Phlomis fruticosa --A felty gray perennial with crisp yellow flowers from spring through fall. It grows about three or four feet tall and nearly as wide.

Sedum telephium 'Autumn Joy'--A fall blooming succulent with large, flat, coppery flower heads. The plants grow about two feet tall.

From Santa Monica landscape designer Nancy Goslee Power:

Aloe striata --A big, bold succulent with grayish leaves and, in spring, tall spikes of coral flowers. Plants form rosettes two feet wide on a short trunk.

Beschorneria yuccoides --As the name suggests, this Mexican plant looks much like a yucca. Sword-shaped leaves are two feet long and grayish. The spring flowers are green and red.

Billbergia nutans --This bromeliad can be used as an unusual but very tough ground cover in shady places. It has spiny green leaves and flowers that are red and blue.

Macleaya cordata --Eight-foot-tall stalks with dramatic gray leaves make this a perennial for the background. Stems, which grow like cornstalks, are topped with flowers than resemble corn silks. It forms spreading clumps and may be a little invasive.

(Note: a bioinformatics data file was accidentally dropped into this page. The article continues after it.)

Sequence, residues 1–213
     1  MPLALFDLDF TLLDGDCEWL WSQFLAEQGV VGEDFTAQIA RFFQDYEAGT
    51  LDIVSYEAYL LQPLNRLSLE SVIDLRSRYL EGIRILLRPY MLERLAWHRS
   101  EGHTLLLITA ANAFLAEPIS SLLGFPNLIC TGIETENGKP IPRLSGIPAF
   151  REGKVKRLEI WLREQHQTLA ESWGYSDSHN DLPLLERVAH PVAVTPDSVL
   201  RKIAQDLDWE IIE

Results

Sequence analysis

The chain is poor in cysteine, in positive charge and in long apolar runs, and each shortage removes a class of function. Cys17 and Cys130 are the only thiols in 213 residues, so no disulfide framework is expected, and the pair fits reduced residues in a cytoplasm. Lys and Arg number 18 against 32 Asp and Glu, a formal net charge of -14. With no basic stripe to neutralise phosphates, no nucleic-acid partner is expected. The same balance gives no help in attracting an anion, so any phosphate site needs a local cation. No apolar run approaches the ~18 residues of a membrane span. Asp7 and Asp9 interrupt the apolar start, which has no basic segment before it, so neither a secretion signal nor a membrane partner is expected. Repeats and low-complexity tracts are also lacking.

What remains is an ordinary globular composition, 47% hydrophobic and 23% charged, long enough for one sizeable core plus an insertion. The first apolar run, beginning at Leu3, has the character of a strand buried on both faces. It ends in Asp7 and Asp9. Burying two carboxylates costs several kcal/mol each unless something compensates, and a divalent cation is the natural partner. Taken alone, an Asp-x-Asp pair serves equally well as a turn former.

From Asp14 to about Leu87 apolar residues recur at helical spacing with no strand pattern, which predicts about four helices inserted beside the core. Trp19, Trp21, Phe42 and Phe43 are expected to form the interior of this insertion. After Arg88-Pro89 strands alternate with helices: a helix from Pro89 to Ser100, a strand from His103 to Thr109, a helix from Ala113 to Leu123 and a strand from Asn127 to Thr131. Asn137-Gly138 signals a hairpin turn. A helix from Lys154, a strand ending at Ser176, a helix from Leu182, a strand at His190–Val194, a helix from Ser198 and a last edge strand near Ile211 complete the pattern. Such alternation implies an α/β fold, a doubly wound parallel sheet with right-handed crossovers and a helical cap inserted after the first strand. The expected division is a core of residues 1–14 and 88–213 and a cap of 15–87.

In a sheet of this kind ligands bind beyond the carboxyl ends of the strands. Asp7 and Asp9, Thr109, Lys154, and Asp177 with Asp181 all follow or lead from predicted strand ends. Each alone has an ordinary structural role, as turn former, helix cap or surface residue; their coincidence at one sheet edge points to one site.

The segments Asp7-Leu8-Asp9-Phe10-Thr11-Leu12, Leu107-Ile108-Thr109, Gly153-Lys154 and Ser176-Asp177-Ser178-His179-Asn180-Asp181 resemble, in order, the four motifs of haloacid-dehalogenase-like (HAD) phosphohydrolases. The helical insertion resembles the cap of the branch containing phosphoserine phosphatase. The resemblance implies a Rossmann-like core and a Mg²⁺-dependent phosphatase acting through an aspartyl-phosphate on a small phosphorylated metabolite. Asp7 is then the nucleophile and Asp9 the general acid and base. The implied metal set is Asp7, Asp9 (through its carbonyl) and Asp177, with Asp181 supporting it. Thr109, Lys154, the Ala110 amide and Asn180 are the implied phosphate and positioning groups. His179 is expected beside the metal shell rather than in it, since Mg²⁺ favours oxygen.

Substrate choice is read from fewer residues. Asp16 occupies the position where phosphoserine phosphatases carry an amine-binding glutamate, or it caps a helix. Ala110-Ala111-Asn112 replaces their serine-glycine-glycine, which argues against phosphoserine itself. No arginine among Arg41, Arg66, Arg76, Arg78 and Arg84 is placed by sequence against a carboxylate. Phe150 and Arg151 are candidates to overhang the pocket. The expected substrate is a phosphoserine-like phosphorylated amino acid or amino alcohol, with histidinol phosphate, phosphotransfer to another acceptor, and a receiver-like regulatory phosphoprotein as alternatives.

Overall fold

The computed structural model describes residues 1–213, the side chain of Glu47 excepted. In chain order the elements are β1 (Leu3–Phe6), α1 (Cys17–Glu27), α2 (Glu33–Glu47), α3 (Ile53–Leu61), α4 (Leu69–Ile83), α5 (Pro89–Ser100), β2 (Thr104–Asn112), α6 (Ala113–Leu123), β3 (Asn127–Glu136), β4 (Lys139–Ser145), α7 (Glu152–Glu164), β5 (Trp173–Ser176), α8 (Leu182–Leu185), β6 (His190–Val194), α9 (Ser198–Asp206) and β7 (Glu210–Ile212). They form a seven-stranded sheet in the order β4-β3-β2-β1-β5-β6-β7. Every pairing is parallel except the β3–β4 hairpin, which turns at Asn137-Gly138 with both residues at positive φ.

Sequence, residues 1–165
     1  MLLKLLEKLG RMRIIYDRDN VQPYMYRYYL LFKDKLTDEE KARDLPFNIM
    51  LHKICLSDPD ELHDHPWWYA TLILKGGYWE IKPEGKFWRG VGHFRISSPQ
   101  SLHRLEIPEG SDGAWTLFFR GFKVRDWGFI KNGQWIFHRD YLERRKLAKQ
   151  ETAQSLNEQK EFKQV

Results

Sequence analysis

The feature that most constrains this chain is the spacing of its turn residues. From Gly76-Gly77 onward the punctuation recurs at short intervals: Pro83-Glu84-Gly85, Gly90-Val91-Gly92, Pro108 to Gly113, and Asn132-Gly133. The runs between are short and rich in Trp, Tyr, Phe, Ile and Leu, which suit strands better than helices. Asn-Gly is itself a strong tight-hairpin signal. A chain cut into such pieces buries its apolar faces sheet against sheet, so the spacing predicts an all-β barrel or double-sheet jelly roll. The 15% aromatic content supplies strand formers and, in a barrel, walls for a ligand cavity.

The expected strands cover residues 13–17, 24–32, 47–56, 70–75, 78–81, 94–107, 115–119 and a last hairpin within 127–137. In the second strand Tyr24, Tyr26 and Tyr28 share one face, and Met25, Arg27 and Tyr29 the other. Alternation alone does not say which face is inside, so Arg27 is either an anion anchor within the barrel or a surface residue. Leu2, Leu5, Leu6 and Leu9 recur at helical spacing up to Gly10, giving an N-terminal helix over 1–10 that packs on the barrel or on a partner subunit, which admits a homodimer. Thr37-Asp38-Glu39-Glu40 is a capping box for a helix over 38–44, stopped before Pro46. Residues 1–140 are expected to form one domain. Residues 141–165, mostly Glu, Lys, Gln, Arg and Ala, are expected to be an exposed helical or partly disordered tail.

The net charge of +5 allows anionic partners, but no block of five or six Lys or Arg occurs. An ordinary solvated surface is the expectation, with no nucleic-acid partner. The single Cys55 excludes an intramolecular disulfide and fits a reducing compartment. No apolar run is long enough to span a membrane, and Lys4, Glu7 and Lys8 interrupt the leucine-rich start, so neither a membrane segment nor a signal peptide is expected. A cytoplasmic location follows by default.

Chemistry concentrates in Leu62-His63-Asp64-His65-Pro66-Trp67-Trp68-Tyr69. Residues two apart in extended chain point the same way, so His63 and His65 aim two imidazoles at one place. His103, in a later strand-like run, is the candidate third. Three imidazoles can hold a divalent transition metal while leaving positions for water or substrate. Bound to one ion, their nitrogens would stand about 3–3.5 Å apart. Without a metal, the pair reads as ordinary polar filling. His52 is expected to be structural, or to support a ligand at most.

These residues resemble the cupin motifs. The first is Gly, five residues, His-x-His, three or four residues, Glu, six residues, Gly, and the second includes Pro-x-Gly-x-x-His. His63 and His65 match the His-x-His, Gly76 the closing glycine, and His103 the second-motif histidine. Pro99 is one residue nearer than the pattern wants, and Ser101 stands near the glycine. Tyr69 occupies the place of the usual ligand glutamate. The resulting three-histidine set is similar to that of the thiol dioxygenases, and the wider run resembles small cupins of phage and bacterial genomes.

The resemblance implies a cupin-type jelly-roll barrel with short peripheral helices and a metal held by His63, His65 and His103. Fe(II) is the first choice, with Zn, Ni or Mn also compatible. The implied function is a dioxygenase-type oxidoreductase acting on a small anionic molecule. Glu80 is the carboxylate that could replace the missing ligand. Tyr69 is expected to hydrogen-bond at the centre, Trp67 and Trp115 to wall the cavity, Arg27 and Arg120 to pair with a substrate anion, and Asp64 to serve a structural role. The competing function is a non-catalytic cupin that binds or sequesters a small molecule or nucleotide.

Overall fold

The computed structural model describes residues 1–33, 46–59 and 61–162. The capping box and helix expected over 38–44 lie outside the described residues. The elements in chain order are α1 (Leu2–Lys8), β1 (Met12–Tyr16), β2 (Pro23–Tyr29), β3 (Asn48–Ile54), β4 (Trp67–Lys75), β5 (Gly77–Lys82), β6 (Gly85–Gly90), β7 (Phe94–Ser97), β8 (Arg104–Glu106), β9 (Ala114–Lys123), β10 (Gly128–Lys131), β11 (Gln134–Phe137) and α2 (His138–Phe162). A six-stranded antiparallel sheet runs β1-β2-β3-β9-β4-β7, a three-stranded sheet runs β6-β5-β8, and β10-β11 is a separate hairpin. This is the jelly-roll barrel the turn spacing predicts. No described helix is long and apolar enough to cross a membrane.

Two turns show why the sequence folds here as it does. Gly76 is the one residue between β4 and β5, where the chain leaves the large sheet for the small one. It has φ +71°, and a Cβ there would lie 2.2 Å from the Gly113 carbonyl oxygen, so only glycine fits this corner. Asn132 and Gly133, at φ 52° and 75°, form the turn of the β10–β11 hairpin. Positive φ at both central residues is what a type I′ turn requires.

From Los Angeles landscape designer Christine Rosmini:

Achillea hybrids--These perennials with ferny foliage used to come only with yellow or white flowers but now there are many soft new colors, including pink and paprika. Flowers come all spring and summer in large flat clusters. Excellent spreading ground cover for small spaces.

Alstroemeria hybrids--These Peruvian perennials are much improved with masses of mostly pink or purple flowers. Plants grow from 18 inches to three feet tall, bloom from spring through fall. Undoubtedly the most spectacular flowering plant we can grow.

Dwarf pampas grasses--There are many new refined versions of the weedy original, some with striped or variegated foliage. Most are also shorter and therefore more useful in the average garden. Great as accents or in big pots.

Plecostachys serphyllifolia --This mouthful makes a soft gray three-foot mound. Flowers are small and creamy-yellow in color.

From West Los Angeles landscape architect Robert M. Fletcher:

Aeonium 'Zwartkop'--A stunning succulent with deep purple leaves that look black as midnight. The leaves are arranged in rosettes on top of chubby stems that can grow to a foot or more tall. A cluster of several makes quite a statement.

Cotoneaster salicifolius --A 15-foot-tall, willow-like shrub. Leaves are dark green above, gray-green beneath. Use this as a big, informal background shrub or screen.

Lavatera bicolor --This tough shrub with blue-gray, maple-like leaves grows quickly to four or five feet. Most of the year it has large, striking white and purple flowers.

Lavendula heterophylla --This gray-green lavender has the longest flower spikes of all lavenders, some to three feet. The plant grows about two feet tall by three or four feet across.